The lower wall 60 c includes a lower mesh structure 66 a and the upper wall 60 d of the disk prosthesis 60 includes an upper mesh structure 66 b at the point of vertebral contact to encourage successful vertebral bone ingrowth thereby affixing the cap 63 to a first or upper vertebra 100 and the base 61 to a second or lower vertebra 100 in an adjacent pair of vertebrae 100. The lower mesh 66 a and the upper mesh 66 b may have the attributes of the lower mesh 16 a and the upper mesh 16 b discussed above with reference to the first preferred embodiment.

FIG. 6B shows a side sectional view of a third preferred embodiment of a disk prosthesis 70 in accordance with the present invention. The disk prosthesis 70 has a distal end 70 a, a proximal end 70 b, a lower wall 70 c, an upper wall 70 d, a first sidewall (not shown), and a second sidewall (not shown). The disk prosthesis includes a first part or a cap 73. The cap 73 includes a top 73 d, a bottom 73 c having an opening 73 f, an outer surface 73 a, an inner surface 73 b and a socket 73 e extending into an interior of the cap 73 from the opening and defined by the inner surface 73 b. The outer surface 73 a proximate the top 73 d contacts a concave portion 100 b of a first vertebra 100. The disk prosthesis 70 further includes a second part or a base 71 including a top 71 d, a bottom 71 c, and an outer surface 71 a. The outer surface 71 a proximate the bottom 71 c contacts a concave portion 100 a of a second vertebra 100, and the outer surface 71 a of the base 71 proximate the top 71 d of the base 71 cooperatively engages the inner surface 73 b of the cap 73 thereby allowing at least two-degrees of freedom of movement.

When inserted into an intervertebral space 121 the cap 73 and the base 71 function together as one overall device, i.e., the disk prosthesis 70. The cap 73 and the base 71 are preferably not mechanically connected. The base 71 is preferably not retained in the cap 73, but could be. In alternate embodiments the cap 73 and the base 71 are connected by a flexible structure or element (not shown) or are totally encased in a pliable, bio-compatible slip-cover or pouch (not shown). The inner surface 73 b and a portion 71 e of the outer surface 71 a that contacts the inner surface 73 b are preferably formed of or coated with a bio-compatible, smooth, low-friction material with high durability, such as a ceramic, an alloy or the like. The top 71 d of the base 71 includes a spherically or hemispherically-shaped portion or a ball 71 f. The ball 71 f of the base 71 cooperatively engages the socket 73 e of the cap 73 thereby mimicking a ball and shallow socket joint such as a shoulder-joint. Obviously, other iterations and combinations of mutually cooperating engagement designs providing relative movement could be implemented without departing from the broad general scope of the present invention.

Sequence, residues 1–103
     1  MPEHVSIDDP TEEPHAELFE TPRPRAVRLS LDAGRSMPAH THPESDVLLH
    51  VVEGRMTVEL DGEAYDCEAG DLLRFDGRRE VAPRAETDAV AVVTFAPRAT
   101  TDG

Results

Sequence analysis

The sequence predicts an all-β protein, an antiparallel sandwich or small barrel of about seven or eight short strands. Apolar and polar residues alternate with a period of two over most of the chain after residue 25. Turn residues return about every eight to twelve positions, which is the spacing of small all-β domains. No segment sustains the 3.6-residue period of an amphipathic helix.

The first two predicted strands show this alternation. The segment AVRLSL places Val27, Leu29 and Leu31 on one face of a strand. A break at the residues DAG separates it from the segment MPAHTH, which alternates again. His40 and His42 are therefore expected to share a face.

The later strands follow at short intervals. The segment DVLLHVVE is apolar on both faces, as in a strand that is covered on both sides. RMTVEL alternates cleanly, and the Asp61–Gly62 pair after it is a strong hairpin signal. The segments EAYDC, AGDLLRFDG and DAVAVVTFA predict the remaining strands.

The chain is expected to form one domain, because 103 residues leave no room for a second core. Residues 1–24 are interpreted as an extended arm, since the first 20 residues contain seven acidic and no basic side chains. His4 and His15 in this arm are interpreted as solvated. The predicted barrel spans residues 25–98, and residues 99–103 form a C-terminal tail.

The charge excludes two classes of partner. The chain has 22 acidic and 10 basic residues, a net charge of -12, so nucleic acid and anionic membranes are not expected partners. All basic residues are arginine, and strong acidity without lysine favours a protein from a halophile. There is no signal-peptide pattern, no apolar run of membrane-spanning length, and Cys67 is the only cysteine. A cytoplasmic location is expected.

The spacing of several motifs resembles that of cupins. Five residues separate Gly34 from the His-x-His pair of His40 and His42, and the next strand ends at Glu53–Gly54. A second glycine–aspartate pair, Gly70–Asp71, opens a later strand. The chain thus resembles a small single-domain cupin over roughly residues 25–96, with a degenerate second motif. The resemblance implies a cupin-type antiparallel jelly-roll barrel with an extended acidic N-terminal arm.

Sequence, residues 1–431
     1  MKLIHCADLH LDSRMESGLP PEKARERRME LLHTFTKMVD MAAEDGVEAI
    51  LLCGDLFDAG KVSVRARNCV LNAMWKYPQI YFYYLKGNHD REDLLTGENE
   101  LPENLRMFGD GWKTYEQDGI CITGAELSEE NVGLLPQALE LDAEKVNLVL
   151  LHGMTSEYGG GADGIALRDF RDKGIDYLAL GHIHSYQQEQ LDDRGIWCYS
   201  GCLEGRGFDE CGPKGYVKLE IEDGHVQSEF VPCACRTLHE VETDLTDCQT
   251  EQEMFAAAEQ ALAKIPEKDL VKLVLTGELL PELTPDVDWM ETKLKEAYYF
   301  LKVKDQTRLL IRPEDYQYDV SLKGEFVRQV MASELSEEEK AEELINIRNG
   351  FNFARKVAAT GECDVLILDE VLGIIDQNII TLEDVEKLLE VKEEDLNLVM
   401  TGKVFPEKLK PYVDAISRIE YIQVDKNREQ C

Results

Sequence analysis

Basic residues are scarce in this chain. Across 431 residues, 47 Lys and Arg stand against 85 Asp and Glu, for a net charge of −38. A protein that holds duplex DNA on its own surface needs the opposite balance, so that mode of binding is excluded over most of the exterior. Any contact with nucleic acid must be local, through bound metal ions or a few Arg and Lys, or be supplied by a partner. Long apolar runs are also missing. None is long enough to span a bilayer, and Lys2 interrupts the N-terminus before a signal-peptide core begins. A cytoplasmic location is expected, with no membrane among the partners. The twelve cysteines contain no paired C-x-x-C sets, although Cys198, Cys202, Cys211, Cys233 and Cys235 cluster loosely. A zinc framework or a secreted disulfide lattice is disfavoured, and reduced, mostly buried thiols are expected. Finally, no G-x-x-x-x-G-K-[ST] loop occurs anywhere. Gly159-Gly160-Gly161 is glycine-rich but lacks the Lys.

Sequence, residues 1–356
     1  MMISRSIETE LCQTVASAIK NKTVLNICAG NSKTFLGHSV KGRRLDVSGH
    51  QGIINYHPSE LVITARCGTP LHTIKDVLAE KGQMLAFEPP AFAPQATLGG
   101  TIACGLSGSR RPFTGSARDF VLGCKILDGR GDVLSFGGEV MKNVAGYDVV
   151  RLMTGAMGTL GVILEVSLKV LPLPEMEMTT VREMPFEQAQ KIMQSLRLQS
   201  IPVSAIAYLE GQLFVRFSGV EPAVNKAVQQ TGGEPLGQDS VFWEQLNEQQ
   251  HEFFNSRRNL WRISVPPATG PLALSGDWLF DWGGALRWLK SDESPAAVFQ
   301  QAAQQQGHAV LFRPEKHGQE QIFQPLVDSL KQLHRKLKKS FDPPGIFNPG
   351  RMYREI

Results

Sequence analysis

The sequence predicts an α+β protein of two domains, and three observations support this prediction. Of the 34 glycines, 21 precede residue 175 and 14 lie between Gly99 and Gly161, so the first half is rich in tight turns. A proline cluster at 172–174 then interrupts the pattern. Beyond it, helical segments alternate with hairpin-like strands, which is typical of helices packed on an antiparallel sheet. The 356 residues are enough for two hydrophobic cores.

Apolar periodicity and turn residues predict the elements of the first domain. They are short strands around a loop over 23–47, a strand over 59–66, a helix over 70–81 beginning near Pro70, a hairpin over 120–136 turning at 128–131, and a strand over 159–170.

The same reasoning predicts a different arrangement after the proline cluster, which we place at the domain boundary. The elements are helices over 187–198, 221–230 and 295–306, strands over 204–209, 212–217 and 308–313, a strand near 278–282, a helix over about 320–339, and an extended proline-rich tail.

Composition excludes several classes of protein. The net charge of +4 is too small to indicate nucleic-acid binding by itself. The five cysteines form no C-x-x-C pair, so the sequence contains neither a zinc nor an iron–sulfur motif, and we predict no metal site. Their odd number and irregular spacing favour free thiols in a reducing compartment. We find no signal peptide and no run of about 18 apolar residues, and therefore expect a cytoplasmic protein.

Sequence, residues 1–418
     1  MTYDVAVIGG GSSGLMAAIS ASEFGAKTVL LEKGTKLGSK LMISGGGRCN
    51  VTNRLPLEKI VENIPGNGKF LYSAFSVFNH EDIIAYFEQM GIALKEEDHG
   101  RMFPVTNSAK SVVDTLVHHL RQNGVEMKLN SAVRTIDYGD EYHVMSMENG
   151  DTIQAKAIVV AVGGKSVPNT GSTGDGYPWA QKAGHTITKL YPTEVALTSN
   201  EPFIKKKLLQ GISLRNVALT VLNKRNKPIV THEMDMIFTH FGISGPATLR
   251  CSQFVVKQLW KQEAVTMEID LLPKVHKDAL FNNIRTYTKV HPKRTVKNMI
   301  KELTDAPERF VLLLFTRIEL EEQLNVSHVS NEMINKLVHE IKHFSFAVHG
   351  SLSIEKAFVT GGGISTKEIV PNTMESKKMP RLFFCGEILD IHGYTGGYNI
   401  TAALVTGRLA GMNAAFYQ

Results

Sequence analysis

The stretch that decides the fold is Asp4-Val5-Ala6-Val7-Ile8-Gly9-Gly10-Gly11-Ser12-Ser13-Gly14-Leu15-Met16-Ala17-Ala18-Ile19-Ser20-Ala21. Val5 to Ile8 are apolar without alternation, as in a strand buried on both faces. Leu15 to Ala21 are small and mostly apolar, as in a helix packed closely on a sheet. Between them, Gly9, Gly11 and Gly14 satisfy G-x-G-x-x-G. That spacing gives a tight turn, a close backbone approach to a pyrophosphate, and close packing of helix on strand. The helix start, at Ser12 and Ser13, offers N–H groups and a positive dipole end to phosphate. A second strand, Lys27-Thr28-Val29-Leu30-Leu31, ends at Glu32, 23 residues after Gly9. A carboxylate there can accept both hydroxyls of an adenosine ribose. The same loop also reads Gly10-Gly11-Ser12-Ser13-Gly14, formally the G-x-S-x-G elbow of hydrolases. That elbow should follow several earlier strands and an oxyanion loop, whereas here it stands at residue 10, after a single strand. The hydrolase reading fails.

The lower wall 70 c includes a lower mesh structure 76 a and the upper wall 70 d of the disk prosthesis 70 includes an upper mesh structure 76 b at the point of vertebral contact to encourage successful vertebral bone ingrowth thereby affixing the cap 73 to a first or upper vertebra 100 and the base 71 to a second or lower vertebra 100 in an adjacent pair of vertebrae 100. The lower mesh 76 a and the upper mesh 76 b may have the attributes of the lower mesh 16 a and the upper mesh 16 b discussed above with reference to the first preferred embodiment.

FIG. 6C shows a side sectional view of a fourth preferred embodiment of a disk prosthesis 80 in accordance with the present invention. The disk prosthesis 80 has a distal end 80 a, a proximal end 80 b, a lower wall 80 c, an upper wall 80 d, a first sidewall (not shown), and a second sidewall (not shown). The disk prosthesis includes a first part or a cap 83. The cap 83 includes a top 83 d, a bottom 83 c having an opening 83 f, an outer surface 83 a, an inner surface 83 b and a socket 83 e extending into an interior of the cap 83 from the opening and defined by the inner surface 83 b. The outer surface 83 a proximate the top 83 d contacts a concave portion 100 b of a first vertebra 100. The disk prosthesis 80 further includes a second part or a base 81 including a top 81 d, a bottom 81 c, and an outer surface 81 a. The outer surface 81 a proximate the bottom 81 c contacts a concave portion 100 a of a second vertebra 100, and the outer surface 81 a of the base 81 proximate the top 81 d of the base 81 cooperatively engages the inner surface 83 b of the cap 83 thereby allowing at least two-degrees of freedom of movement.